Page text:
Lean Supply Chains – Optimizing cost with increase in value delivered

In the current world and till a few months back, we heard about material shortage, manufacturing delays due to raw material unavailability and closure of manufacturing facilities across the world. So, the term that came up is have we stacked ourselves with sufficient inventory i.e. inventory that can sustain this big a pandemic or disruption in the world. Most companies did not do that and that resulted in the shortage. But the question is how regular is such disruptions and do we always have to have a backup for such? The answer is no because if we stack up our inventories to such levels, there is a risk of non-utilization and finally waste. So, in normal scenarios, there need to be balance between the inventory stock levels with their production, utilization thus reducing waste. This is where lean supply chain comes in. It is a business model which creates value for the customers with the reduction or elimination of non-value-added activities minimizing waste.

There are various areas in supply chain where optimization to reduce waste is addressed i.e. manufacturing, transportation and informed, repeated customers. There are mainly seven wastes identified – overproduction, inventory, motion, defects, over-processing, waiting and transport. Overproduction causes wastes in terms of scrap or excess inventory. Unprocessed inventory, storage waste, waste on transportation and containers used are some of the inventory related wastes. Wasteful motion in terms of person or machine movement, Defects due to product standards and design leads to an increase in waste. Overprocessing leads to waste of raw materials, human labor. Waste also happens due to time wasted on waiting for slow or halted production processes. Transportation also adds to wastage to time and money with no value add. So the objective of lean supply chain is to get these wastes minimized as that would mean reduced costs, improved communication & coordination, increased efficiency and improved customer satisfaction.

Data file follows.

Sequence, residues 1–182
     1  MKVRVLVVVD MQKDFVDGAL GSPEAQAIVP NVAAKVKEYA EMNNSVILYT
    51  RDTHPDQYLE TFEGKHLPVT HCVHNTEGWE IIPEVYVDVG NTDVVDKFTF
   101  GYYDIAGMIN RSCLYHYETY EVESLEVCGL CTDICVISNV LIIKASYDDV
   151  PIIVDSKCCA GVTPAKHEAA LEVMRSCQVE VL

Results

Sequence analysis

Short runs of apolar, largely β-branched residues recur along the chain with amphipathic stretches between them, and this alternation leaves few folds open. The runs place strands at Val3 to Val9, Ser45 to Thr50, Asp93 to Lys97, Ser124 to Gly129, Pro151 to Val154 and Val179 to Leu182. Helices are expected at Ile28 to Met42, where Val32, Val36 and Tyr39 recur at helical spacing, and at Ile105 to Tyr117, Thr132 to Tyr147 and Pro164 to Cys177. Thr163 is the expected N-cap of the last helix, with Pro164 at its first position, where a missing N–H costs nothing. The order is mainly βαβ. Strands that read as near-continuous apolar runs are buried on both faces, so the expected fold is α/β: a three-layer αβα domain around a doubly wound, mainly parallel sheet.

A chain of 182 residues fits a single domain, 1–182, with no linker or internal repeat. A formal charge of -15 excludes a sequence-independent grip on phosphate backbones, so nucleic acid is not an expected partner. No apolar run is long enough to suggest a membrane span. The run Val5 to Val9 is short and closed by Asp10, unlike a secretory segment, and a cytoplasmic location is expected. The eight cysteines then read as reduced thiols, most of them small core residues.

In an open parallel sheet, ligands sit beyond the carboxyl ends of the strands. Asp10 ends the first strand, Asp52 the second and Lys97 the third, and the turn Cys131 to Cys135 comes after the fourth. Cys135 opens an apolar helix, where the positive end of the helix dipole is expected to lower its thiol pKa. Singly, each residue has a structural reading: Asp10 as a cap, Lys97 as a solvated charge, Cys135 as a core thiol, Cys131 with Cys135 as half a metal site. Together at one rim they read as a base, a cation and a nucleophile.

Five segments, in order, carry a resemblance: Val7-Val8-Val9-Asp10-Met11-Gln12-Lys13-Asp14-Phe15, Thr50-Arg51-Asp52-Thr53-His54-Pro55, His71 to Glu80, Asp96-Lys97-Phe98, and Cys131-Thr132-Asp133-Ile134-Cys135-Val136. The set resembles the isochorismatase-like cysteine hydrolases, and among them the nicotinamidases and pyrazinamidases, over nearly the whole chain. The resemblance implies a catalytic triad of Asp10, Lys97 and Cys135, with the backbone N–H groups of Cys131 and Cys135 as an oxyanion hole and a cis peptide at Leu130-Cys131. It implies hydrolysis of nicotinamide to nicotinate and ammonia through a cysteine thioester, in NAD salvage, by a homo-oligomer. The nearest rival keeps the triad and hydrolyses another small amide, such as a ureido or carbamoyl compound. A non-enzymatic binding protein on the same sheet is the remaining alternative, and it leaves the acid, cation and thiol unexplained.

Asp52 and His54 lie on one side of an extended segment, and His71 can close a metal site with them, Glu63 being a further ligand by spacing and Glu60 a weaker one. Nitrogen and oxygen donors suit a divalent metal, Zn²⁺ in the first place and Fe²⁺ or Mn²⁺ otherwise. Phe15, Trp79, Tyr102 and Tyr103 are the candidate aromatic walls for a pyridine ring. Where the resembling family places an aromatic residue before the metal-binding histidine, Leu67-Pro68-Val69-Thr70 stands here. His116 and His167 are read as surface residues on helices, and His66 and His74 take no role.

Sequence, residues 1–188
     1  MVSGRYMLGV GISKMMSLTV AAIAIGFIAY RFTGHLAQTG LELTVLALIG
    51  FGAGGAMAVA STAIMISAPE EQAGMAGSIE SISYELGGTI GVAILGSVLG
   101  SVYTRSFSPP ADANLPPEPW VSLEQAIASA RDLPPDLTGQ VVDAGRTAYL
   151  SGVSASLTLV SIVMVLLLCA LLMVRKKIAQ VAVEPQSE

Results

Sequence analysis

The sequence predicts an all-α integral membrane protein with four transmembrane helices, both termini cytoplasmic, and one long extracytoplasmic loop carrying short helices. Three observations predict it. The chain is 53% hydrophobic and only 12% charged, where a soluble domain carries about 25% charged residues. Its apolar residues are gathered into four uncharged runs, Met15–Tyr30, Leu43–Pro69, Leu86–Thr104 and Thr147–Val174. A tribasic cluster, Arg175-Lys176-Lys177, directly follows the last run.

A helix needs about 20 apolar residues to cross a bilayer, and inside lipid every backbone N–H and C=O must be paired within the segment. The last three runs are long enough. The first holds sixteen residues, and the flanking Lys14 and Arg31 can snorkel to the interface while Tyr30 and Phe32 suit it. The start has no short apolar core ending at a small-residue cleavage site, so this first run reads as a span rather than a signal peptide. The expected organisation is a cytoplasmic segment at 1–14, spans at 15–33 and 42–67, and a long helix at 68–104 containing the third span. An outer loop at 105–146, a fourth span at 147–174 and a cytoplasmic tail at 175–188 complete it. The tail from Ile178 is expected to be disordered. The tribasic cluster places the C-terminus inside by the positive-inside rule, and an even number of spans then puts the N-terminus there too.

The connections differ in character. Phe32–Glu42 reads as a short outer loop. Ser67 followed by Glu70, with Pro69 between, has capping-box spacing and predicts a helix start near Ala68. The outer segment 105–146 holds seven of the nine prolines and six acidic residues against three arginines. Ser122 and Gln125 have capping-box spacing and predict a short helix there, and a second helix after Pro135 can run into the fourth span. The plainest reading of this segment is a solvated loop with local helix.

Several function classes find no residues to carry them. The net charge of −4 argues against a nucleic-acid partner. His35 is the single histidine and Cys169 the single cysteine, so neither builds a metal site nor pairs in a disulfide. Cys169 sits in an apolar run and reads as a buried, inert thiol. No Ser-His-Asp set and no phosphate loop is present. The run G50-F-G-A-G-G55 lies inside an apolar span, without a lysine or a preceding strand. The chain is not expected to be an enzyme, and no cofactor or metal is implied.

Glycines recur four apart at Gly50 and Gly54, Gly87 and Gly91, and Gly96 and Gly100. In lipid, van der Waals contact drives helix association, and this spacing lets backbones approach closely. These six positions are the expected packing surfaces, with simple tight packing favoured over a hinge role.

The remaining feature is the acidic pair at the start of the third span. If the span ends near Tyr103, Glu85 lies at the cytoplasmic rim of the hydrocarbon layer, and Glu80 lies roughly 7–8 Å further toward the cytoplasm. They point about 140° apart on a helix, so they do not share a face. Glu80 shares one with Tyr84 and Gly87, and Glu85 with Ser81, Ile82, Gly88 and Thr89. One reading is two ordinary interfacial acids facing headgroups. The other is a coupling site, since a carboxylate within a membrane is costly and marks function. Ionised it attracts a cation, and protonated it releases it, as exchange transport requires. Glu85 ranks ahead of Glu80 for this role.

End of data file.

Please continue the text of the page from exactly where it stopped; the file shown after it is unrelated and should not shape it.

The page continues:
But there are several considerations that the organization should considered before plunging forward.

a.      Lean as a Growth Strategy i.e. reduce waste, increase productivity to lower cost of goods sold and increase profitability.

b.      Lean Leadership – Coach & align teams for a common goal enabling them with tools and decision making.